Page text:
Woodruff School of Mechanical Engineering
Robotics for Lot Size of One
Dr. Ai-Ping Hu
Georgia Tech Research Institute
Tuesday, April 10, 2018 at 1:00:00 PM
MRDC Building, Room 4211
Dr. Jon Rogers
Robots have had their greatest impact to date operating in standardized environments such as car factories and electronics assembly plants. Their potential for robust operation in less structured, real-world settings has only begun to be realized. This seminar talk will present several case studies from the area of agricultural robotics. Unlike commodity farms (e.g., wheat, soybean, and corn), specialty farms (fruits and nuts) have largely not yet benefited from automation. The technology gap is analogous to the one between mass manufacturing and the production of handmade goods. The former takes place in a standardized environment and handles uniform products while the latter deals with a lot size of one. Examples will include recent research on the development of a chicken-deboning robot, a swinging robot (nicknamed “Tarzan”) for crop inspection and harvesting, and automated fruit picking.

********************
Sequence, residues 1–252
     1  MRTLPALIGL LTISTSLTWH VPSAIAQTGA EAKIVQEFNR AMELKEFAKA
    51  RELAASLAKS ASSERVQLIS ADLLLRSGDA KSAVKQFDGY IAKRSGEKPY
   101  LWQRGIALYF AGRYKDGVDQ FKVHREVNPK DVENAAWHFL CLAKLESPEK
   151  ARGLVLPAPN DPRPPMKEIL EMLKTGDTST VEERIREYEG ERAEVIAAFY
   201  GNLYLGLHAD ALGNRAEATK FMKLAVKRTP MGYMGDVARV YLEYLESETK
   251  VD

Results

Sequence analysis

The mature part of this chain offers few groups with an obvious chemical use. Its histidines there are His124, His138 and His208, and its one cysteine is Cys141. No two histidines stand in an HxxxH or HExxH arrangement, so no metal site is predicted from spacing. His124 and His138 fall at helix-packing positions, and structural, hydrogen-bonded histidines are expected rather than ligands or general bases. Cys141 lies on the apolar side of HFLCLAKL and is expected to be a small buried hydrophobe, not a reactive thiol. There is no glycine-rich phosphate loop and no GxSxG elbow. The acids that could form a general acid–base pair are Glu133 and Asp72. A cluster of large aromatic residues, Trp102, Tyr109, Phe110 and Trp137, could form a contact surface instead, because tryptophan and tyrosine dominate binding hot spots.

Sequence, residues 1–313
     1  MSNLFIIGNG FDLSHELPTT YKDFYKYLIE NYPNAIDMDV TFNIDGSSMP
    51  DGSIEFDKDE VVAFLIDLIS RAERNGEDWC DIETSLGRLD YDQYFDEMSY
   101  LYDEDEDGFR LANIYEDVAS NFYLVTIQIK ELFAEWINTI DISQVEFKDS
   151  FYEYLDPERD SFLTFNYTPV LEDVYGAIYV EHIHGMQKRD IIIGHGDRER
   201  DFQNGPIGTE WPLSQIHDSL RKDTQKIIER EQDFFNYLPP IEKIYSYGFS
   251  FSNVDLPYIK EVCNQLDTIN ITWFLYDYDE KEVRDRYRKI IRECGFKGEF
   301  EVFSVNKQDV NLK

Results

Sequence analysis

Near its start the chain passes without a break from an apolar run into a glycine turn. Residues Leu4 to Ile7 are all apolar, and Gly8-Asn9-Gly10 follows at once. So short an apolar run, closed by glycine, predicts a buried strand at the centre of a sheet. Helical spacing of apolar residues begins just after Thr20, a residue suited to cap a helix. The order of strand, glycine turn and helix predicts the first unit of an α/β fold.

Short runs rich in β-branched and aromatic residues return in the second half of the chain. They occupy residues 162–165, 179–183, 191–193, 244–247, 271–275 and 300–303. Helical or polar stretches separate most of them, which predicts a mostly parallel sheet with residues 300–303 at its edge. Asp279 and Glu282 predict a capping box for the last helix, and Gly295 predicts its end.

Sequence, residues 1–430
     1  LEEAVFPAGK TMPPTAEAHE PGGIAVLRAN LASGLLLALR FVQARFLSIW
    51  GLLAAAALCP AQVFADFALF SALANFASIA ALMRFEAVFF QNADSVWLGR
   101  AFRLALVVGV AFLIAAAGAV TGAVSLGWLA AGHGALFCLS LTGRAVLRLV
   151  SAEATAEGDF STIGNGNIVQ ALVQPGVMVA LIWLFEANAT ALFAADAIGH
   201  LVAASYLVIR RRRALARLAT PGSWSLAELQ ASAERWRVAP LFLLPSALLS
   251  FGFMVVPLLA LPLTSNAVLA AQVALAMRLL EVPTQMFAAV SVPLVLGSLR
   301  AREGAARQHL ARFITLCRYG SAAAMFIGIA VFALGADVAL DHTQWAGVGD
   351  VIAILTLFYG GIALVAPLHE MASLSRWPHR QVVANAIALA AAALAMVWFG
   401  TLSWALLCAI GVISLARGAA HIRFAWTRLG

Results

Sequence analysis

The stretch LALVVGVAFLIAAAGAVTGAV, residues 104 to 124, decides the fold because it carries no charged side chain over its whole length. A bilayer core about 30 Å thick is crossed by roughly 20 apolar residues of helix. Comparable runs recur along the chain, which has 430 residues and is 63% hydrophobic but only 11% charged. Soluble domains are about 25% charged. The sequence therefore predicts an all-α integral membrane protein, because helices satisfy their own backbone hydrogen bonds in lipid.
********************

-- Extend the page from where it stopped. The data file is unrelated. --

AI-PING HU is a senior research engineer at the Georgia Tech Research Institute. He received his BS in Mechanical Engineering from Cornell University and Ph.D. from the Georgia Institute of Technology. He worked at a start-up robotics company spun out of Georgia Tech for a number of years before joining GTRI in 2009. His current research interests are in the areas of controls and robotics for agricultural applications.